Shop (and Eat) Responsibly: Tips for Better Grocery Shopping

tips to shop and eat responsibly

You went to the grocery store to pick up milk, eggs, and bread. You spent $50 and came home with four bags of random impulse purchases. You still don’t know what to make for dinner. When it comes to spending, food can be a tricky category: On one hand, everyone has to eat, which means food is a non-negotiable part of any budget. On the other hand, though, it’s all too easy to get carried away with your grocery spending.

Ready to curb the impulse buys? Want to rein in your grocery budget? Here are a few sure-fire tips for responsible grocery shopping:

  • Don’t limit yourself to traditional grocery stores. If you’re sticking to your go-to grocery store, you might be missing out. Smaller specialty stores like Aldi and Trader Joe’s are known for offering high-quality grocery items at super-low prices. And milk is typically cheapest at drugstores (drugstores also typically offer crazy-good sales on things like brand-name cereal, coffee, and other staples).
  • Bulk bins are awesome. Bulk bins are a budget shopper’s best friend. Buy spices by the tablespoon, try new types of quinoa, or satisfy your sweet tooth with a handful of chocolate-covered bananas. When you shop the bulk bins, you can get exactly what you need or want, without the commitment (and price) of buying a whole jar/bag/pouch.
  • Steer clear of “pre-” anything. Pre-washed lettuce. Pre-chopped kale. Pre-cut fruits and veggies. Pre-made sandwiches, wraps, or salads. Sure, skipping some of the prep work might save you a couple of minutes — but that convenience will cost you. It’s much, much cheaper to take the DIY route.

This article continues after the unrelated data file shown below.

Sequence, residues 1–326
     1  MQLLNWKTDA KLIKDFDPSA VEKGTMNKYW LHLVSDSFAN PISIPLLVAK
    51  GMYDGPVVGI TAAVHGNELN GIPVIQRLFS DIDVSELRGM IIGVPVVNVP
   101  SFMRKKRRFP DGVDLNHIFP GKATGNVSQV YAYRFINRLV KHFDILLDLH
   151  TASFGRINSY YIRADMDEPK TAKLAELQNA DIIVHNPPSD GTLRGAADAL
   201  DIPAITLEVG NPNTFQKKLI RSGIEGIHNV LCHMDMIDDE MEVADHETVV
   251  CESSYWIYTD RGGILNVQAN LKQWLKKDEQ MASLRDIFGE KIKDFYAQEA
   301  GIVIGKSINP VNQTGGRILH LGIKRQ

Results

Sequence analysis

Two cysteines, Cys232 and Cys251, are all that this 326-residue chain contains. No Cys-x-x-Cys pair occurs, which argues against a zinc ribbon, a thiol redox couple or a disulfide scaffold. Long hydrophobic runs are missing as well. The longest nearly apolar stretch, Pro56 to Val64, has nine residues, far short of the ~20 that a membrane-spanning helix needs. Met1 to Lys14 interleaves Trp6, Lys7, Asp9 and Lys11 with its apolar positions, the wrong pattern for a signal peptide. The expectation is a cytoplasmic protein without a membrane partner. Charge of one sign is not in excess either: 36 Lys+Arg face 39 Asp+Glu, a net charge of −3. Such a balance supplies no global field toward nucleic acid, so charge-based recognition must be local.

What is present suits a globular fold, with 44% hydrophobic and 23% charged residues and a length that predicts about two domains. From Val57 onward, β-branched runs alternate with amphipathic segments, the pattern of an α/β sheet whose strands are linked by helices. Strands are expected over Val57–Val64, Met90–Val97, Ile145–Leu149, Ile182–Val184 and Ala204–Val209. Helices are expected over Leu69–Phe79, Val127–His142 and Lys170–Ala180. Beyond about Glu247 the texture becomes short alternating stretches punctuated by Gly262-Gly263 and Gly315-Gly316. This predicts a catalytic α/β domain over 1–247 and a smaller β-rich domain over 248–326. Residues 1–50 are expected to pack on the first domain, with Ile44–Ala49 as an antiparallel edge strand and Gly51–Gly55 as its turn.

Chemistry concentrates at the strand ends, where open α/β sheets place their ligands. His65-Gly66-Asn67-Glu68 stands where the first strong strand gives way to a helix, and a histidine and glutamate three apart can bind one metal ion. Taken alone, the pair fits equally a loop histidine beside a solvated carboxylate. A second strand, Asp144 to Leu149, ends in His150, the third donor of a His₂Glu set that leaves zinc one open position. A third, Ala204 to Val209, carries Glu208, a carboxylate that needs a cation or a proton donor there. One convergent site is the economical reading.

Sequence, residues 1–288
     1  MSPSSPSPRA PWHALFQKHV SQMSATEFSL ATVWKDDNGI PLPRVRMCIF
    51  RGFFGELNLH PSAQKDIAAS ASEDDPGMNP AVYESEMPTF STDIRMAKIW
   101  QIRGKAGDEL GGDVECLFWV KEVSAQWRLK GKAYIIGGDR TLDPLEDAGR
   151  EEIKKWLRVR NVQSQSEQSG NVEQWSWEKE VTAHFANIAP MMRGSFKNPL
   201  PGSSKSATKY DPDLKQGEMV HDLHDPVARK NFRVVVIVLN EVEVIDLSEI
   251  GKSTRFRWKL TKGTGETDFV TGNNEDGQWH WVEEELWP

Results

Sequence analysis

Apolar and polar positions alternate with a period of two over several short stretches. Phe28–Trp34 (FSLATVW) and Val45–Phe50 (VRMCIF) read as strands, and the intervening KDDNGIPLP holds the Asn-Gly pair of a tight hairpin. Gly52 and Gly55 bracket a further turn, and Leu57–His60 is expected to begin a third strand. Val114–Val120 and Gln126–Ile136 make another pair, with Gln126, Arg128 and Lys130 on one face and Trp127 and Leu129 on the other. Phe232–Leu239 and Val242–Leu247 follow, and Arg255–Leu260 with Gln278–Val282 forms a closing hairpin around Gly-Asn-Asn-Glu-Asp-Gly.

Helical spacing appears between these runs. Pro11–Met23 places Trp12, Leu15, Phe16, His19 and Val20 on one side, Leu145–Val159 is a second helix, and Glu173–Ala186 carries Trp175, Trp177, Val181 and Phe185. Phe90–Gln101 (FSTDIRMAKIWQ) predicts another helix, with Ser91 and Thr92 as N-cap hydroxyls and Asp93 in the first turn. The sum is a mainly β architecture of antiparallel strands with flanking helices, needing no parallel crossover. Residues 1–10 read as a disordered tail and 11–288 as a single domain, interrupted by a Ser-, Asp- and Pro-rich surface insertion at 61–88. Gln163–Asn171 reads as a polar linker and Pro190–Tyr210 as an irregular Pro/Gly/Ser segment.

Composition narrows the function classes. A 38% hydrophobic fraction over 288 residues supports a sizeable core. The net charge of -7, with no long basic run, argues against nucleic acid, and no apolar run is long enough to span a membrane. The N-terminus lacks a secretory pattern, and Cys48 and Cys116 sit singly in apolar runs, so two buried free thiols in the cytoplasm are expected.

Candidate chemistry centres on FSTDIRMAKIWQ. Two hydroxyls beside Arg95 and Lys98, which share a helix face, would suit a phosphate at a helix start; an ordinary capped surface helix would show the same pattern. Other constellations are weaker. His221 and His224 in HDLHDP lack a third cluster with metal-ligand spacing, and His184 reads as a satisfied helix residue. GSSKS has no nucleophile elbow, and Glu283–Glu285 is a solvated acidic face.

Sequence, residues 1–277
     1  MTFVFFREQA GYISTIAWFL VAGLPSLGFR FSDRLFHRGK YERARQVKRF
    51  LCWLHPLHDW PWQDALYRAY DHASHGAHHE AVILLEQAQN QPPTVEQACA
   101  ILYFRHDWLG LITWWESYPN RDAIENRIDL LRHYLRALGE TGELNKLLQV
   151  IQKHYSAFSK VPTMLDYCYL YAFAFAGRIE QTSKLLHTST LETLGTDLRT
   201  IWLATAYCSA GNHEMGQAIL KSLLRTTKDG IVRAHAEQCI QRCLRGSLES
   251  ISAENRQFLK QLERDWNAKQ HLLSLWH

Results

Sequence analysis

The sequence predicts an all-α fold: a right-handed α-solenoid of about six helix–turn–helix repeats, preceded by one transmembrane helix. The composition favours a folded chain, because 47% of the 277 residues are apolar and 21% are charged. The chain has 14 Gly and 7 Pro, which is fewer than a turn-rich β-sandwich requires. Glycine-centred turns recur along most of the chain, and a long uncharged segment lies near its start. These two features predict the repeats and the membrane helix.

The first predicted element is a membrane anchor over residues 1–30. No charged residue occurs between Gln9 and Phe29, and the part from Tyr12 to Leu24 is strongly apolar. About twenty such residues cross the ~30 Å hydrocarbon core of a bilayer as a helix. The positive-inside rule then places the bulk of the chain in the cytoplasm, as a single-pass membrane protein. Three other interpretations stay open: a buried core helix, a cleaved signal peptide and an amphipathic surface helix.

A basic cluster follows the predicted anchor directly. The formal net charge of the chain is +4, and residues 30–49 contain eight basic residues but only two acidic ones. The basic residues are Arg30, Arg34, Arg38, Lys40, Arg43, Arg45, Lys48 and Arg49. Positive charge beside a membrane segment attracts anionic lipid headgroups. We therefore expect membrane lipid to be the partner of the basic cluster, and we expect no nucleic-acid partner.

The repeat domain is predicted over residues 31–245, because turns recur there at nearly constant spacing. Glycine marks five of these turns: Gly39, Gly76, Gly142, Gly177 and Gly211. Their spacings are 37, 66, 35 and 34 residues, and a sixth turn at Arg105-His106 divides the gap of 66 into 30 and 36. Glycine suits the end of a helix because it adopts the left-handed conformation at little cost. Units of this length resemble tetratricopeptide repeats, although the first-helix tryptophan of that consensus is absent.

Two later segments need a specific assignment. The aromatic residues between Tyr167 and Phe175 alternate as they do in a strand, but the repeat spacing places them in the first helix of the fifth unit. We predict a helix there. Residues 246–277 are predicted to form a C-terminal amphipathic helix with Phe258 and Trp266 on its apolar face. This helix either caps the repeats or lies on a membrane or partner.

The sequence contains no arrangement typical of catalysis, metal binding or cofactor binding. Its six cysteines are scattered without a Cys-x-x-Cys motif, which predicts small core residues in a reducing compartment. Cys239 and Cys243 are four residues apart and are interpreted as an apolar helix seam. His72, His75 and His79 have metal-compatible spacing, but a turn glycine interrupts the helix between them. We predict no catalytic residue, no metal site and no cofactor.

• Don’t waste food. Responsible grocery shopping means avoiding the urge to buy more of something just because it’s on sale. It also means not buying industrial-sized packages that you’ll never be able to use up. Remember: If you end up throwing food away, you’re not saving money — no matter how “cheap” it was.groceries
  • Buy frozen fruits and veggies. Fresh produce is nice, but it has a short shelf life and can get pricey — especially if you’re buying something out of season. Frozen fruits and veggies have the same nutritional content, they last a long time, and they’re usually super-affordable.
  • Go meatless for a day. If you eat meat, consider introducing one meatless meal into your weekly dinner rotation. Check out recipes that swap expensive meat with budget-friendly, plant-based alternatives like chickpeas, lentils, tofu, or tempeh.
  • Plan your menus and make lists. Grocery shopping without a plan is not responsible, and it’s a good way to end up with an empty wallet and a pantry full of random items. Instead of wandering the aisles willy-nilly, take some time to think things through: Write down a few dinner ideas. Check what you already have on hand. See if you need to stock up on anything. Then, make a list — and try your best to stick to it.

Have more questions about smart shopping and budgeting? Looking for advice that will help you save money or pay down your debt? The team at American Credit Foundation is always available to answer your money-saving questions and offer help, guidance, and advice.